New Pomona Dorms Earn Top LEED Certification

Pomona College’s new north campus dorms, Sontag and Pomona Halls, have earned the coveted LEED (Leadership in Environmental and Energy Design) Platinum Certification from the U.S. Green Building Council (USGBC). They are the first college residence halls in California, and the second large-scale residence project in the nation to earn such a distinction.

According to the USGBC website, LEED certifications are awarded on a 100-point scale, with 10 bonus points for regionally specific issues, based on criteria that range from water efficiency, sustainable building materials, and energy efficiency. The Platinum certification, which is awarded to buildings that earn 80 points or more, is the most prestigious of the four standards (the other three being Certified, Silver, and Gold).

The two residence halls opened in June and house approximately 153 students. The buildings feature three to six-person suites, each complete with a common room, bathroom, and kitchenette. Pomona Hall houses the Outdoor Education Center (OEC), which acts as the base of operations for On the Loose (OTL), the student-run outdoors club of the Claremont Colleges. Sontag Hall also features a rooftop garden, which Pomona’s Draper Center for Community Partnerships plans to utilize as part of a gardening program for local youth.

Andrea Ramella, Pomona’s Project Manager for the new dorms and a LEED Accredited Professional, said the buildings approached sustainability from multiple angles.

“The main sustainability features include low-flow water fixtures predicted to decrease water usage by 36.6 percent, native and drought-tolerant planting… energy efficient lighting including daylighting and occupancy sensors… rooftop solar voltaic panels providing 14 percent of the buildings’ needs… a 2,000 gallon solar hot water system predicted to provide 80 percent of the buildings’ needs, and 95 percent construction waste recycling,” she wrote in an email to TSL.

According to Bowen Close, Coordinator of Pomona’s Sustainability Integration Office (SIO), one of the school’s goals for the new buildings was to give students a role in reducing their own energy use.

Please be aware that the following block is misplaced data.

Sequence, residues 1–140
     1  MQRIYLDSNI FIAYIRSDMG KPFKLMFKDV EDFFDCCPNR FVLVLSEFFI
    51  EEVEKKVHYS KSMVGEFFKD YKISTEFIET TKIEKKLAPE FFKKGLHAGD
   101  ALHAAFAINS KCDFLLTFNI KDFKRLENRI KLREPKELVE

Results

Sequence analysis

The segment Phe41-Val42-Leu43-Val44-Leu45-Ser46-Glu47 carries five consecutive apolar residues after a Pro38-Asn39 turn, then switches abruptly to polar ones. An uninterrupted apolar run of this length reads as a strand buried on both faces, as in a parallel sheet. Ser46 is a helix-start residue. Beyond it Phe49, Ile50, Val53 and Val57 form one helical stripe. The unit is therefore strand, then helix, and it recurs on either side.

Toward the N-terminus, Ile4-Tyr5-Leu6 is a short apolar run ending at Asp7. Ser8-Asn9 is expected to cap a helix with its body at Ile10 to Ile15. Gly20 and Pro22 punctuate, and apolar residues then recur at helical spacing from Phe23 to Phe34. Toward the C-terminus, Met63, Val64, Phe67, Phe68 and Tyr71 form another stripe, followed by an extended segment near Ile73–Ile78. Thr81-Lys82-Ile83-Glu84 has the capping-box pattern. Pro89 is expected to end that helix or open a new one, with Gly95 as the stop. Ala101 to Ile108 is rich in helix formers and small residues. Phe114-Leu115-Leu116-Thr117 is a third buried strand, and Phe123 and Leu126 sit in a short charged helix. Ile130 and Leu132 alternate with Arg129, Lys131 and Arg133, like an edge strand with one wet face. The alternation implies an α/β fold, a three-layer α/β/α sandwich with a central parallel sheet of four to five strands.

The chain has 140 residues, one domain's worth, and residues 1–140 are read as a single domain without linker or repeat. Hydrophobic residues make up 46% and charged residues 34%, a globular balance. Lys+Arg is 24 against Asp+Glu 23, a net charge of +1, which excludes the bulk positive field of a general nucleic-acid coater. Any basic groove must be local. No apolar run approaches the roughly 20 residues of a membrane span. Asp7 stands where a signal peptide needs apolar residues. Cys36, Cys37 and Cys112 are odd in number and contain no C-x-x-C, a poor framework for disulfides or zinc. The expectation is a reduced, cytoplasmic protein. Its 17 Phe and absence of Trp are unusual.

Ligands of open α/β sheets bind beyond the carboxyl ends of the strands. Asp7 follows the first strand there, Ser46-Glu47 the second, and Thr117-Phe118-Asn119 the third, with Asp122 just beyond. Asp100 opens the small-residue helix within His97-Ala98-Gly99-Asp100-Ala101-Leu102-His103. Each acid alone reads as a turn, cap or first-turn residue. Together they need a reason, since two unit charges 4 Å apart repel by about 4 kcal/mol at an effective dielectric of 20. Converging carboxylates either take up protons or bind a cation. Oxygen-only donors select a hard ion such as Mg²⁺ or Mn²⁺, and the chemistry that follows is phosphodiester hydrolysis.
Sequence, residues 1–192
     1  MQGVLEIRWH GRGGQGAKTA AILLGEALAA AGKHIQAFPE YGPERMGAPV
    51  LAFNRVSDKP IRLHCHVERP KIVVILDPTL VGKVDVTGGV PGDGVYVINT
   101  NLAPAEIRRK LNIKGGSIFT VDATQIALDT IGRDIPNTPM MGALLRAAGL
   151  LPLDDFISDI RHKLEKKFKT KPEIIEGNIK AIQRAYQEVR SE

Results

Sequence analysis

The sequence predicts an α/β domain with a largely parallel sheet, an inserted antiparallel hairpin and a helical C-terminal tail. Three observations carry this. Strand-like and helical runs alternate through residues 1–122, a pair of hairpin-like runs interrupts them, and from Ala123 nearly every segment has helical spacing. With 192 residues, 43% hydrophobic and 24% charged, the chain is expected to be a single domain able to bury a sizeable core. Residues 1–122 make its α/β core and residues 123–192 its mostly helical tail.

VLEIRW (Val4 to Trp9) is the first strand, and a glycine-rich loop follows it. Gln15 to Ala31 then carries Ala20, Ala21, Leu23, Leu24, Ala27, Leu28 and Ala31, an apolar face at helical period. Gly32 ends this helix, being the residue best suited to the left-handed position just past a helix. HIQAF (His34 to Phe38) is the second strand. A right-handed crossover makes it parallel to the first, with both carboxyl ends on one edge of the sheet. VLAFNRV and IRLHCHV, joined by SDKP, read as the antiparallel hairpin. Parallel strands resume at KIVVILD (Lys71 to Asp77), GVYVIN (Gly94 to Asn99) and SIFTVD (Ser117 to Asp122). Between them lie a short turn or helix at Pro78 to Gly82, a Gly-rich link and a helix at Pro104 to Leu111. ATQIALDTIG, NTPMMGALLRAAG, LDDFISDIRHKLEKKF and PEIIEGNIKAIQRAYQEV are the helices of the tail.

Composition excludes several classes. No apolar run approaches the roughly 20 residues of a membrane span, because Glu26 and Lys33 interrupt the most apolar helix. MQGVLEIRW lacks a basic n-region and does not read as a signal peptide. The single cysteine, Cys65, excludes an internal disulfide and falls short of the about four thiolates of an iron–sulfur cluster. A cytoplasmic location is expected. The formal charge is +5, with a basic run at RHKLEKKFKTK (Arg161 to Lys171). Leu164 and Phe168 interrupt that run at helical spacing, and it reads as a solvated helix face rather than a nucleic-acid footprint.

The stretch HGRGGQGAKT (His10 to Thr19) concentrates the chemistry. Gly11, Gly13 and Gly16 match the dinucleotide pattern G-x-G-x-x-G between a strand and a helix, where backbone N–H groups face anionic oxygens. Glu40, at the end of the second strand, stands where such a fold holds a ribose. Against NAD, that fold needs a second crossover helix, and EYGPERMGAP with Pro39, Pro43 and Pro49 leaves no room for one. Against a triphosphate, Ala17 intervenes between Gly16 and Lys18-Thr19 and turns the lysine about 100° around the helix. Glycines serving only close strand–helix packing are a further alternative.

“I’m most excited about the features that allow students to make choices about how they live and how they use the spaces,” she said. Two such features are switches in each bedroom that shut off all outlets in a room but one, and ceiling fans that can be used in addition to individually-controlled air conditioning units.

Students currently living in Sontag and Pomona Halls said they appreciated the building’s sustainability features, but some questioned the practicality of the building’s technical elements and construction materials.

“The [air conditioning] doesn’t turn on unless all the windows are closed,” said Albert Liu PO ’12, a Sontag resident. “The recycled materials are also peculiar—my bedroom ceiling light is broken, and the two hallway lights are broken. But overall, it’s a really great dorm. I like its accessibility, the automatic doors for people with disabilities, and the toilets with the double flush feature for solids and liquids.”

Ramella also admitted that the buildings had some drawbacks, pointing out that the atmospheric variability can cause fluctuations in the performance of the buildings’ sustainability components.

“The buildings’ renewable energy features are somewhat dependent on our weather,” she wrote. “They work better in full sun but will still produce energy or heat during overcast or even cool weather.”

Sontag Hall and Pomona Hall join several other LEED-certified buildings on Pomona’s campus. The Lincoln and Edmunds buildings, completed in 2006, are LEED Gold certified, while the Richard C. Seaver Biology Building, completed in 2003, is LEED Silver. The recently-completed South Campus Athletic Facility and Parking Structure is LEED Gold certified.

According to Close, Pomona’s minimum standard for new projects is LEED Gold.

“Platinum is very hard to get,” she said. “Gold tends to be something that’s achievable but takes some effort, but Platinum is sometimes unattainable because of external factors such as location and intended use.”

“We realized as we were going through the design process that with Pomona and Sontag we may be able to get higher, and we were, so that was great,” she added.

Only a handful of colleges and universities across the nation have residence halls with the Platinum distinction, including Duke University, Western Oregon University, Bastyr University, and Warren Wilson College.

Close said the goal of campus-wide LEED certifications is one of the many sustainability initiatives that Pomona has undertaken in the past decade, including Green Bikes, the bike shop and rental program; ReCoop, the used books and accessories program; and Greenware Kits, the reusable dishware checkout system.

“Sustainability is part of everything we do,” she said.

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